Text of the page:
Jason J. Gullickson

Jason J. Gullickson

The 100 Year Computer

This morning I’m designing a computer that could run for (at least) a century. One of the first steps is to study existing long-lived machines.

So far the computer with the longest uptime I can find is aboard Voyager 2 . Launched in 1977 and operating continuously to this day, it’s 44 years of uptime is the longest I’ve found so far.

I’m still on the hunt for something longer, and I imagine there is a mainframe somewhere that’s been grinding-away since before 1977; if you know of an example please share!

There’s a lot to learn about longevity from spacecraft computer design as well as surviving hostile environments on meager resources. But these computers are also fairly specialized in the applications they are capable of and a computer that runs for 100 years is probably going to need to be capable of adapting to new workloads over time.

Mainframes have longevity in both application and availability and this is no accident. While we hear a lot about the redundancy and availability of the vast farms of servers that make up “The Cloud”, these pale in comparison to the ability of a mainframe to maintain throughout through any imaginable fault (hardware, software, environmental catastrophe, etc.). There is a lot to learn about building a 100 year computer from mainframe architecture (much of which hasn’t changed substantially for 50 years itself). Most people consider mainframes to be obsolete, but in reality they run many of the worlds most important workloads and their use is actually increasing.

Another lesson to take from the mainframe for the 100 year computer is selecting long-lived applications. Some of the applications these machines do (payroll, credit card transactions, record keeping, etc.) have been around for centuries before the digital computer itself and are likely to be needed 100 years from now. So maybe a computer designed for these tasks today wouldn’t have to change much to be useful in 100 years?

On the other hand, flexibility might allow such a machine to remain interesting and relevant for a century.

It’s hard to predict what sort of applications for computers the future may hold, so how do you select a software environment for such a machine? What operating system, what programming languages, etc. will still be useful in 100 years?

Here again we can take a page from the history of the mainframe. While virtualization has become commonplace on pc-based servers over the last decade, the ability to create isolated runtime environments for applications has been available on mainframes since the 1970’s. This is in fact one of the ways mainframes maintain relevance today, by hosting thousands of virtual machines that can run whatever software happens to be most useful today.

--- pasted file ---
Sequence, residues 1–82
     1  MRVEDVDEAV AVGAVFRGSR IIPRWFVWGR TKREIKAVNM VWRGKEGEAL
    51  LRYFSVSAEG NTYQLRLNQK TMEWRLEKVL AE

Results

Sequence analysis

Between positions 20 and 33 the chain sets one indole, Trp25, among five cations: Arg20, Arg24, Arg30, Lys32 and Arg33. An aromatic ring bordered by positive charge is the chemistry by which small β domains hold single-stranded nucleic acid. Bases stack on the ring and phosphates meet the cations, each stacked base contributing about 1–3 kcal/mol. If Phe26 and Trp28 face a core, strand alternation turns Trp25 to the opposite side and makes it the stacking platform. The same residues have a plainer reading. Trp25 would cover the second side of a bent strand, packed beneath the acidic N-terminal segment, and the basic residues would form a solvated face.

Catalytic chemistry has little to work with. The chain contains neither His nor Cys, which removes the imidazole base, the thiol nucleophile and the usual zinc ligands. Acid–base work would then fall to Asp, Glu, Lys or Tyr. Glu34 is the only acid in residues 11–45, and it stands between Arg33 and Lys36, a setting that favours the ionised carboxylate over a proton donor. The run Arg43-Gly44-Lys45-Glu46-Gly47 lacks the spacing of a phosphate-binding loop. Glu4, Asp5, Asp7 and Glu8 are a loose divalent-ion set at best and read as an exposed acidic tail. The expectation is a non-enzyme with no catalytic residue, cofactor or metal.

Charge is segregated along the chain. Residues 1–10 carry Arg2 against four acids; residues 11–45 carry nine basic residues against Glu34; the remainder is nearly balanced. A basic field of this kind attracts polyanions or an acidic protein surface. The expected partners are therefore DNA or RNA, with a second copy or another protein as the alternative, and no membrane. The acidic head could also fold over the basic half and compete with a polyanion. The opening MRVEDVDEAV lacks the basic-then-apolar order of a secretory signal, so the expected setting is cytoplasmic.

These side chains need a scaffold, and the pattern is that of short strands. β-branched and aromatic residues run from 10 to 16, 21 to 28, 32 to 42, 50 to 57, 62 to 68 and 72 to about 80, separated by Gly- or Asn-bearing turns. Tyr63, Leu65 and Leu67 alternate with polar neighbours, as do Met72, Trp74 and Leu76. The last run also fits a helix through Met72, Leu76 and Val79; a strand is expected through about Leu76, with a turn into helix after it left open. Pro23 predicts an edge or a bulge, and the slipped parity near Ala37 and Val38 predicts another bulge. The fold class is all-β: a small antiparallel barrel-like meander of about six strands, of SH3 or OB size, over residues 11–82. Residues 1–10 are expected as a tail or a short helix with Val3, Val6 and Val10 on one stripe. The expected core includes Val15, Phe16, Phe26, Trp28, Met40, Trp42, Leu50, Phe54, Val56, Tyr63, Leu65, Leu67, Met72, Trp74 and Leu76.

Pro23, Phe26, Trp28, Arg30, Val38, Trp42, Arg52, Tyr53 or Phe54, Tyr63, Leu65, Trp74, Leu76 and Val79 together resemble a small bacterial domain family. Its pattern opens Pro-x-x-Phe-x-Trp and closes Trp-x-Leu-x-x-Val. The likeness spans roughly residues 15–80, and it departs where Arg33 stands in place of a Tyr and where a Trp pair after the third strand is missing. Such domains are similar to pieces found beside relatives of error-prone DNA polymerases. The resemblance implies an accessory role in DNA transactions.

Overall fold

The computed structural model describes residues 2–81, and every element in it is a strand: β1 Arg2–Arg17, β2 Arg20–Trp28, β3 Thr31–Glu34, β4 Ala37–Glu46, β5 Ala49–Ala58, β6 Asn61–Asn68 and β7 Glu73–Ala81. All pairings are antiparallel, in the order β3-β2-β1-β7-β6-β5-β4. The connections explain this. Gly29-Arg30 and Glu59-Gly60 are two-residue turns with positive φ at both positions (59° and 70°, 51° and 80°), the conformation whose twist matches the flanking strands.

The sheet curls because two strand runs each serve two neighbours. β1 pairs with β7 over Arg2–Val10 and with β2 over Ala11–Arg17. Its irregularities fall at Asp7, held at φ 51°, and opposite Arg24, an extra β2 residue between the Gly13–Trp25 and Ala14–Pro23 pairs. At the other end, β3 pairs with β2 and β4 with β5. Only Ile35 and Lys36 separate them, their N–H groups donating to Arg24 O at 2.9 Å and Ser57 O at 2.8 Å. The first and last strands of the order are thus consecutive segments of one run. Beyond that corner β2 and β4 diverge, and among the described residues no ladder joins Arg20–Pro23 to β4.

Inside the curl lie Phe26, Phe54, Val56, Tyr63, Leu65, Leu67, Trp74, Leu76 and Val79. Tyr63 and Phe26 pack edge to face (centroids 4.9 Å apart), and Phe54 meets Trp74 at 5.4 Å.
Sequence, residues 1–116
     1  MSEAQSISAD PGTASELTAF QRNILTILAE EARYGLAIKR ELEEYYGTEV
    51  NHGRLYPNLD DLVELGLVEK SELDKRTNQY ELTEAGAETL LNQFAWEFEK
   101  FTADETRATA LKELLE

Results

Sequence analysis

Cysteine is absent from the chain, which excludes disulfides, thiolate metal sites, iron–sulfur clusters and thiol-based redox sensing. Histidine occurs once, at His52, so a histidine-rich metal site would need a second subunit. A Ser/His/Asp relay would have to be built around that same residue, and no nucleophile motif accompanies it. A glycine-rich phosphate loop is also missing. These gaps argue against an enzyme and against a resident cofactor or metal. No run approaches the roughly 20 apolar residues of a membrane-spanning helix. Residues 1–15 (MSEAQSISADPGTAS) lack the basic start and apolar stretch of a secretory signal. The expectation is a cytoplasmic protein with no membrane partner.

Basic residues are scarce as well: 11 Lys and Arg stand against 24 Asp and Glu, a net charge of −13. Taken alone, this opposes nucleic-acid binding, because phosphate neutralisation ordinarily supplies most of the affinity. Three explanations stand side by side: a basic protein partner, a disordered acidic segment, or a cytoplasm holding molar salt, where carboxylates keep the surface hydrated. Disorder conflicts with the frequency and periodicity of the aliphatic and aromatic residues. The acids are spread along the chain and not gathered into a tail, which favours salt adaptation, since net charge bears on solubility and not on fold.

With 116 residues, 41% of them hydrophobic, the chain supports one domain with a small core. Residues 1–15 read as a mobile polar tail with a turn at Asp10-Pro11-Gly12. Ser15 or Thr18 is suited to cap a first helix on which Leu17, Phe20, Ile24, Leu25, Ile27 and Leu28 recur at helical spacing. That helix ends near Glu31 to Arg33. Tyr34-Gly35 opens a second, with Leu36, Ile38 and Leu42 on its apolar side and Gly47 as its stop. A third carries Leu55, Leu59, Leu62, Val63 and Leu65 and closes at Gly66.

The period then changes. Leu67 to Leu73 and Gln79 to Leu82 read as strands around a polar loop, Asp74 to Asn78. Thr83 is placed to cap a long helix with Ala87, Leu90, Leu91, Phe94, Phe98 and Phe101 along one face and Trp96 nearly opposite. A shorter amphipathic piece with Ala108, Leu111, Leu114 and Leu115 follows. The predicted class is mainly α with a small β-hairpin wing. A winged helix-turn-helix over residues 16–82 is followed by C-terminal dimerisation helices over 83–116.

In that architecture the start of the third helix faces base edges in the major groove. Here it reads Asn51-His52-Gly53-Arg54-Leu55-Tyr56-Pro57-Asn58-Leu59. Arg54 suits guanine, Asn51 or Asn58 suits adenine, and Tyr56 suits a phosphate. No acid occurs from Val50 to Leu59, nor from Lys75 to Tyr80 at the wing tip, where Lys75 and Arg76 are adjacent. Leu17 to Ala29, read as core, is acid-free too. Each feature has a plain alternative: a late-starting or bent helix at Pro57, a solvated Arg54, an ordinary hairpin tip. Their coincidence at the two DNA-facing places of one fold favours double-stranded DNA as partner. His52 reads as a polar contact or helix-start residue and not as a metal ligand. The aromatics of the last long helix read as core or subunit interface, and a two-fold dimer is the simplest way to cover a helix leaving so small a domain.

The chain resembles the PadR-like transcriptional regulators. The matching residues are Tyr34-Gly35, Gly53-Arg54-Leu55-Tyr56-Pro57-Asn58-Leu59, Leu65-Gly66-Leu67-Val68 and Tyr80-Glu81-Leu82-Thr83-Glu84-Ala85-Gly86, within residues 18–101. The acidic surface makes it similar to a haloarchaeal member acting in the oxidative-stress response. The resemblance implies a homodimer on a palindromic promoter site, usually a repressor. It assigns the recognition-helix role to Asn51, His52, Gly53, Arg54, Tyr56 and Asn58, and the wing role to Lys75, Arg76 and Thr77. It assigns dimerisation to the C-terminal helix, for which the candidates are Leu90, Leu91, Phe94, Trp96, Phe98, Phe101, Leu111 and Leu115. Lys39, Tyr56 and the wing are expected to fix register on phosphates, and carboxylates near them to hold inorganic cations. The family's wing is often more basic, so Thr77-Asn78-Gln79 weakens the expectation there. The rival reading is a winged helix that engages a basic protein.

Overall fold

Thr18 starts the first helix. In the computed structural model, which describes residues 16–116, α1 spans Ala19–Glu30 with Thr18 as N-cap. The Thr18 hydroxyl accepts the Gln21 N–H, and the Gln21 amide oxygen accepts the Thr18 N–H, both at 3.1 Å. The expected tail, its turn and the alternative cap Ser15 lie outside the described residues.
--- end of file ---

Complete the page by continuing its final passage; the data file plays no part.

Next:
So why not just use a mainframe for 100 years?

The way that mainframes do all this comes at a cost; they are large, expensive, complex machines that require specialized skills and operators. This rules out their use in most small-to-medium sized organizations and makes them completely impractical for personal use. While anyone can lease a part of one of these machines and avoid much of the cost, there are inherent risks in depending on “other people’s computers” which reduce the ability to work this way for a century (I know of no such “timesharing” entity that I would be on existing 100 years from now).

So what I have in mind is to borrow ideas from these examples but implement them using simpler, less exotic and more granular components which can be combined as needed for particular applications. While computers can be the most complex machines we’ve created as a species, the underlying principals are almost identical between machines and are incredibly simple.

My thought is to push complexity down in the foundational layers, creating the most elemental unit of logic that can be dynamically allocated to meet the needs of the application and pushing anything application-specific into the software realm. I’m combining these ideas with what I’ve learned from my experiments with [ subleq ](https://en.m.wikipedia.org/wiki/One- instruction_set_computer#Subtract_and_branch_if_less_than_or_equal_to_zero) processor designs, parametric personal computers , [ computational independence ](https://jasongullickson.com/computational- independence.html) , etc.

So far this is mostly a thought experiment, but as I learn more about what has been done and apply that to the design, if something begins to take shape I may try to realize some of these ideas either in simulation or perhaps in hardware as well.